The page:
The Annals of the Civil War Written by Leading Participants North and South (ed. Alexander Kelly McClure), Life in Pennsylvania. (search)
f our wagons. Upon the receipt of this intelligence General Lee ordered me to march as rapidly as possible to the relief of our trains. By a forced march we succeeded in clearing the road, and reached Williamsport in time to save our supply trains. We then took position covering the crossing there and at Falling Water, a short distance below. As the other corps arrived they were assigned positions, and we went to work as rapidly as possible to strengthen our line with field works. On the 13th, General Lee informed me that the river had fallen sufficiently at Williamsport to allow us to ford, and that the bridge at Falling Water had been repaired, and that he would, that night, recross the river with his entire army. I suggested, as a matter of convenience, and to avoid confusion, that it might be better to pass the trains over that night, with everything not essential to battle, and let his troops remain in position until the night of the 14th; that, if the rest of his line was a
The Annals of the Civil War Written by Leading Participants North and South (ed. Alexander Kelly McClure), The right flank at Gettysburg. (search)
s were prepared, have not been extended sufficiently far to the east to cover the field of the operations, though an equivalent quantity of country to the west, upon which no events of consequence occurred, has been included. Since this article was first published, the following letter has been received which, in justice to Mr. Bachelder, is now given in full: office of the Chief of engineers, Washington, D. C., December 10th, 1878. Colonel William Brooke-Rawle, Sir-Your letter of 13th ultimo, transmitting an account of the operations of the cavalry command of General David McM. Gregg during the battle of Gettysburg, was referred to Mr. John B. Bachelder, who was employed by the War Department to plot the positions of the troops on the maps of Gettysburg battlefield, and has been returned endorsed as follows: In answer to the letter of Mr. William Brooke-Rawle, I have the honor to say that it is to be regretted that from the removed position of the field of operations of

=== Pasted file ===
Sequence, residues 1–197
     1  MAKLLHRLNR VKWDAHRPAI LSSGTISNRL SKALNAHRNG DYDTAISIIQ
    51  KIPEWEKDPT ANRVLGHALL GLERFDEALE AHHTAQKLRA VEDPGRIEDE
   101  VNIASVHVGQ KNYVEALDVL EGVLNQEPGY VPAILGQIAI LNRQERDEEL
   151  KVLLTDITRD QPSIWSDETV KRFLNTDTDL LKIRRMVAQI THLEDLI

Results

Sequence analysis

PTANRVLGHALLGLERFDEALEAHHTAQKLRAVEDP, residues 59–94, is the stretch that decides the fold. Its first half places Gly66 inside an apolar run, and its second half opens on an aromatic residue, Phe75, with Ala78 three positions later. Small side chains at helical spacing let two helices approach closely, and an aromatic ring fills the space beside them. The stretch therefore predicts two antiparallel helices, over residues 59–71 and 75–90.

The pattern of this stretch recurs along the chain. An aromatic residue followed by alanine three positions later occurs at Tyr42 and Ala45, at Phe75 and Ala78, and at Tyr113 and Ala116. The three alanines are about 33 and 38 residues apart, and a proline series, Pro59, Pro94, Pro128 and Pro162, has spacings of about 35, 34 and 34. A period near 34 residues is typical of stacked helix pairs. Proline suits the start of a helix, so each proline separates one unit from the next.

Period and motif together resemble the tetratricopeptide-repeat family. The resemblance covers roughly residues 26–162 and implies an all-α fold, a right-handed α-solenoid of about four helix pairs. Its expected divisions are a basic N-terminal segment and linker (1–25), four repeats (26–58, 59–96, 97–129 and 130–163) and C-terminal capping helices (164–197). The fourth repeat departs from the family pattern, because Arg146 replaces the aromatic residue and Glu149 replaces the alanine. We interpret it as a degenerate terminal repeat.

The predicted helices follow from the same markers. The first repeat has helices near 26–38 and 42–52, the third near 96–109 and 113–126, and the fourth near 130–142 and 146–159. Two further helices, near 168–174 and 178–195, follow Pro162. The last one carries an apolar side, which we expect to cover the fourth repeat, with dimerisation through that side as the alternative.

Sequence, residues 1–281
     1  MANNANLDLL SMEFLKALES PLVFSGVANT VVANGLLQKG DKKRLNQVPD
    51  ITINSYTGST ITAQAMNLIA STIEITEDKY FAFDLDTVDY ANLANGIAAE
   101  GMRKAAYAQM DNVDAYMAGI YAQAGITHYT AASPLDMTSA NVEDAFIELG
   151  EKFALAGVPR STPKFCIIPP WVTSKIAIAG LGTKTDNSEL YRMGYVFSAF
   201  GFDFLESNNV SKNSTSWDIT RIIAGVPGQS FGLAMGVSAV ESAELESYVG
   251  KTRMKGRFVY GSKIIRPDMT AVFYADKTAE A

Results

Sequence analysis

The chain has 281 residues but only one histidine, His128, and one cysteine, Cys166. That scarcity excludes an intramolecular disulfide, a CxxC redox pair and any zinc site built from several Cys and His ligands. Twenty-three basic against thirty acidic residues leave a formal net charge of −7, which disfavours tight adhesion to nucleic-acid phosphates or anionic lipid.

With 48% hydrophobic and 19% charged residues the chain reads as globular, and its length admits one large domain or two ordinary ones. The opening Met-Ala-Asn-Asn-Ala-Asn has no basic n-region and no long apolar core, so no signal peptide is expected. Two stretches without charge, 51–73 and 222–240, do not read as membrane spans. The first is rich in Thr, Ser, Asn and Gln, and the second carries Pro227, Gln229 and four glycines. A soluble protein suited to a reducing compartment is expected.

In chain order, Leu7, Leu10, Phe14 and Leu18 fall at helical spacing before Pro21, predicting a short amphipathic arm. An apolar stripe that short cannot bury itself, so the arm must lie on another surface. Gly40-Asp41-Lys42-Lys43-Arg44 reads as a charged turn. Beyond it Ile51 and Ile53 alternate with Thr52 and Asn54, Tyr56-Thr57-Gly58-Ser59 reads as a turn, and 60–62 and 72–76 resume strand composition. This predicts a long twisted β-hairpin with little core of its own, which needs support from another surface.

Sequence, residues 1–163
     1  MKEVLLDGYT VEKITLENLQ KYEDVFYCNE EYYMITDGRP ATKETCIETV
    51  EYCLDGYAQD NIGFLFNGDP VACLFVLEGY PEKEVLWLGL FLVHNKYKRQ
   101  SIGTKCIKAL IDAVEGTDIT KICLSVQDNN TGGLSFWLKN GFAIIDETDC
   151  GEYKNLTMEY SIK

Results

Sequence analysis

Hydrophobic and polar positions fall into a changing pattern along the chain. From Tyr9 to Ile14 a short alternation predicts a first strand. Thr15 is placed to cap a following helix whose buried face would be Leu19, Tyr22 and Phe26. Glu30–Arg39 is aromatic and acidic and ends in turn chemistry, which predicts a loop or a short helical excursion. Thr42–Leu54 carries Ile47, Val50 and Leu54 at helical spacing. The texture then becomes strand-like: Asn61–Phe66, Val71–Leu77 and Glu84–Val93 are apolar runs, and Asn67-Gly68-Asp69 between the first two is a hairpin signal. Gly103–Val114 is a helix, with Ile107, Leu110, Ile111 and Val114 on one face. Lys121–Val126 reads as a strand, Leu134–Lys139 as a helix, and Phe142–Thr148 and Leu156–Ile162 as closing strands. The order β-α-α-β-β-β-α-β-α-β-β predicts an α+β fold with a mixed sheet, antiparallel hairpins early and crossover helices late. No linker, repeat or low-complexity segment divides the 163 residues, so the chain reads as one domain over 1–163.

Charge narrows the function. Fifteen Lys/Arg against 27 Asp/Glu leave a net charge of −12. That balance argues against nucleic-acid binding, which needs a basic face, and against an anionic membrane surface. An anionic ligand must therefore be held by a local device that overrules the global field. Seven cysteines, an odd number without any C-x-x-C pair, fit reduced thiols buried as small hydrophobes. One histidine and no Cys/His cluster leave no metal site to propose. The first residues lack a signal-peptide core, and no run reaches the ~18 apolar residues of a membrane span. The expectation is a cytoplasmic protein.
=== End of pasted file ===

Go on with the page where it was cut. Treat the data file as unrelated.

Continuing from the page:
The Annals of the Civil War Written by Leading Participants North and South (ed. Alexander Kelly McClure), Confederate negro enlistments. (search)
ing the negroes, those of States not overrun for the contrary policy. These propositions were duly referred, and I find that the subject was actively discussed in secret session of both houses on the 4th, 6th, 7th, and 8th. On the 9th, the Senate rejected Senator Brown's enlistment proposition. On the 11th of February there was a great public meeting in Richmond, at which Secretary Benjamin and Senator Henry both spoke in zealous and earnest advocacy of the enlistment programme, and on the 13th, there were two new bills introduced by Mr. Oldham, of Texas, and Mr. Barksdale, of Mississippi, looking to negro enlistments. Senator Oldham's bill was offered in the Senate, and was not heard of again. In the House, a motion to reject Barksdale's bill was defeated by a two-thirds vote. This bill provided for the enlistment of slaves by their masters, and did not reward them with their freedom for volunteering — in fact, there was no volunteering about it. They were to be sent to fight th
The Annals of the Civil War Written by Leading Participants North and South (ed. Alexander Kelly McClure), How Jefferson Davis was overtaken. (search)
of one hundred thousand dollars for the capture of Davis. This proclamation had been received and promulgated on the 9t;h, and hence the officers in the pursuit of Davis were in no way inspired by the promise which it contained. They performed their part from a higher sense of duty, and too much praise cannot be awarded to Colonels Pritchard and Harnden, or to the officers and men of their regiments who participated in the pursuit. Colonel Pritchard arrived at Macon on the afternoon of the 13th, and reported at once, with his prisoners, at corps headquarters. When the cavalcade reached the city, the streets were thronged by crowds of rebel citizens, but not one kind greeting was extended to the deserted chieftain or his party. A good dinner was prepared and given to them by my servants, and, after three or four hours rest, they were sent, under strong escort, toward the North, by way of Atlanta, Augusta, and Savannah, arrangements for which had been already made, in pursuance of o